Sunday 22 March 2020

ABC with our Big G

Season 3 Episode 23

Hey P-Soupers! I wanted to present a simple and useful resource for these extraordinary times and I also bring a very special guest - my 84 year old Dad, Big G. We have a chat about Basic Psychological Needs Theory which states that people strive to satisfy three innate needs, namely autonomy, belonging and competence (in every area of life).
  • Autonomy is about the need to feel that our pursuits are self governed and self endorsed. Or in other words, to feel we have control over what we do.
  • Belonging - is about being connected socially and feeling integrated into a social group.
  • Competence- is about the need to be effective in our efforts; so we feel like we're developing skills and gaining knowledge.
Some researchers called Deci and Ryan assert that needs for competence, relatedness, and autonomy are universal – they are essential, regardless of culture and life domain (Deci and Ryan, 1985b, 2000; Ryan and Deci, 2002).

Have a listen to hear how my Dad has been approaching his physical isolation and considering the ABC of Autonomy, Belonging and Competence. He's a role model for us all.

I also consider the values for the podcast moving forward. We're going to be focusing on Compassion, Connection and Collaboration - consider our next episodes to be The 3Cs Chronicles.

If you'd like to get involved - please get in touch on social media or via email -


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Tips from P-Soupers

Below are some tips from P-Soupers about how they're approaching their ABCs.

A for Autonomy

Setting a shared household schedule to set aside time for work and home schooling.
Setting a structure for a time to start and finish work.
Deciding which news programme to watch or listen to and not having a constant news feed.
Rationing social media - as noticing a tendency to endlessly scroll.
Having some background music.

B for Belonging

Having a virtual tea break - to not talk about work.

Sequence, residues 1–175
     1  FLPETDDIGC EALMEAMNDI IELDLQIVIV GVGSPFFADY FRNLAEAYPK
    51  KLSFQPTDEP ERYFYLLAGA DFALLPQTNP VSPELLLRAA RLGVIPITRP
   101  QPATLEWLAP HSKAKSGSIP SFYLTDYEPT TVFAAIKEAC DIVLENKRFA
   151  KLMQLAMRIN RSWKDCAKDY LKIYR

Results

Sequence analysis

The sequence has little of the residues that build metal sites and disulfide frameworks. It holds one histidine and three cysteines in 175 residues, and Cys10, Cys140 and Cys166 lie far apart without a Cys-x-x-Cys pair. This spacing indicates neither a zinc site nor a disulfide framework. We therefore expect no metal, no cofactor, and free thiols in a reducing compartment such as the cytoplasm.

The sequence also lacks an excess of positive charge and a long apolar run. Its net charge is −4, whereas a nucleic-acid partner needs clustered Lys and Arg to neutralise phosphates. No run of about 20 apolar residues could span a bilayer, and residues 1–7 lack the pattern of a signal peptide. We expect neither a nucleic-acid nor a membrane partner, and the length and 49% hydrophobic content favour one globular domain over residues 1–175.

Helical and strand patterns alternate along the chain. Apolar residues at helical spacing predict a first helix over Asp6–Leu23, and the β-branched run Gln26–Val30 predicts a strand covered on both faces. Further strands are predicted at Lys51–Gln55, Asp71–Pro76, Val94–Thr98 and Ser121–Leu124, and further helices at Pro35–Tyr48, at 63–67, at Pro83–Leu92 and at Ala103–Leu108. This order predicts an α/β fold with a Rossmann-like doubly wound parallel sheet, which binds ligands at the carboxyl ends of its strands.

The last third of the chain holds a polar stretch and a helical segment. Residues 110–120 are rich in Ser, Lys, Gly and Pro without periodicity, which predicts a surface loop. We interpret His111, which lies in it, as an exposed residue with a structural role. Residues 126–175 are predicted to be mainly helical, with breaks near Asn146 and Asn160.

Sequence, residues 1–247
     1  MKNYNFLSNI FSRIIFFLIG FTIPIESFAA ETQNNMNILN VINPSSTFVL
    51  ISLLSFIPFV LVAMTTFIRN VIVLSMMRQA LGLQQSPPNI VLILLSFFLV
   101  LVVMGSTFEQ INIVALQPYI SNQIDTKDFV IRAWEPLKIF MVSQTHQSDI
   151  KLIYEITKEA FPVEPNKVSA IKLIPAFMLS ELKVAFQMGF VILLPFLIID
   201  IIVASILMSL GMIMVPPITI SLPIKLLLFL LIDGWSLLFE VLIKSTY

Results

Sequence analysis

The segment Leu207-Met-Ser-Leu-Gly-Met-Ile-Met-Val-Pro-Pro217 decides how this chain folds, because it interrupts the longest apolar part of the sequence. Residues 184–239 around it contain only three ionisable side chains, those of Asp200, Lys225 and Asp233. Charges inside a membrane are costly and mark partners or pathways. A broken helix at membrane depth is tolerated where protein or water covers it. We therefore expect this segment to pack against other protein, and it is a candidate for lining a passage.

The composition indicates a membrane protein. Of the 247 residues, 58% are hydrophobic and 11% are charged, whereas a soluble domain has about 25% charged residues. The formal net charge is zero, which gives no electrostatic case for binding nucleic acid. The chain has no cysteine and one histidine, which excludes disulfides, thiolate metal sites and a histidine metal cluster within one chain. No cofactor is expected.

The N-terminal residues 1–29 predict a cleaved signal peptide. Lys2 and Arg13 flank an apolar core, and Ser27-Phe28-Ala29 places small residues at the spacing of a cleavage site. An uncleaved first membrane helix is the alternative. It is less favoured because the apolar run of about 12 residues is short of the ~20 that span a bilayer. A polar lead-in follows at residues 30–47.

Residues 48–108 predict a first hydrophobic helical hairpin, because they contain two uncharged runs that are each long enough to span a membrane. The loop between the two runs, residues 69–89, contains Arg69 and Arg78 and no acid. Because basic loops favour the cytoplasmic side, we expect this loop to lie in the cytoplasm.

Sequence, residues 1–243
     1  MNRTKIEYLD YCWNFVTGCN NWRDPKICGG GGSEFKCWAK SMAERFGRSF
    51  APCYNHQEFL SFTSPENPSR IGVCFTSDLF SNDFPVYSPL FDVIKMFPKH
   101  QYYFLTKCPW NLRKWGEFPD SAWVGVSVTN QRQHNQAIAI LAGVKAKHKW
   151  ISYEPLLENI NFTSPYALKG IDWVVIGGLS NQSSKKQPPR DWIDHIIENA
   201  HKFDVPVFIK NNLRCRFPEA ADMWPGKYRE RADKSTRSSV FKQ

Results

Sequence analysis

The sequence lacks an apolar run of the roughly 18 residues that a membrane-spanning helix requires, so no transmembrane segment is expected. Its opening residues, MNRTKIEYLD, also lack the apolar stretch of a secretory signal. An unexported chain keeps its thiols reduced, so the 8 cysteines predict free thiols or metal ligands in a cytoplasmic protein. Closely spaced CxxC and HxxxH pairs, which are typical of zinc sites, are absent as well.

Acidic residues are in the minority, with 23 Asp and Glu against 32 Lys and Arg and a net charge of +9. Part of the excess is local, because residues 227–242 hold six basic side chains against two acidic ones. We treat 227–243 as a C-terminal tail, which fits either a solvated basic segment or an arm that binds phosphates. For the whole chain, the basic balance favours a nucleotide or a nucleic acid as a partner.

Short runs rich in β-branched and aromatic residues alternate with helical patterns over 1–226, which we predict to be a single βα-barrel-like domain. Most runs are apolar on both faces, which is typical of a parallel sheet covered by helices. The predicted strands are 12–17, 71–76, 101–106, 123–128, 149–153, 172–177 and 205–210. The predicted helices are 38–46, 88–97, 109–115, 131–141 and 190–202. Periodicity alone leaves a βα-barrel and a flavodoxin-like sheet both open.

Having a virtual Friday drink - to not talk about work.
Sharing easy recipes.
Checking in on colleagues more often.

C is for Competence

Started training on the couch to 5km programme (keeping the distance).
Doing a complicated jigsaw.
Reading five pages of a book every day.
Dusting off the home exercise bike - starting with a mile a day.

Here's one article where Dame Joan Bakewell reflects on her self-isolation.

If you know of any article that helps family tree enthusiasts interpret DNA results please send them my way and I'll pass them on to Dad.

You can find out more about the Centre for Life in Newcastle here.

Dad also loves programmes by Professor Alice Roberts (@thealiceroberts on twitter) and Neil Oliver (@thecoastguy on twitter).

Deci, E. L., and Ryan, R. M. (1985). The general causality orientations scale: self-determination in personality. J. Res. Pers. 19, 109–134. doi: 10.1016/0092-6566(85)90023-6

Deci, E. L., and Ryan, R. M. (2000). The “what” and “why” of goal pursuits: human needs and the self-determination of behavior. Psychol. Inq. 11, 227–268. doi: 10.1207/S15327965PLI1104_01

Hagger, M. S., Chatzisarantis, N. L. D., and Harris, J. (2006). From psychological need satisfaction to intentional behavior: testing a motivational sequence in two behavioral contexts. PSPB 32, 131–148. doi: 10.1177/0146167205279905

Krause Amanda E., North Adrian C., Davidson Jane W. (2019) Using Self-Determination Theory to Examine Musical Participation and Well-Being Frontiers in Psychology 10, 405

Ryan, R. M., and Deci, E. L. (2002). “An overview of Self-determination Theory: An organismic-dialectical perspective,” in Handbook of Self-Determination Research, eds E. L. Deci and R. M. Ryan (Rochester, NY: The University of Rochester Press).


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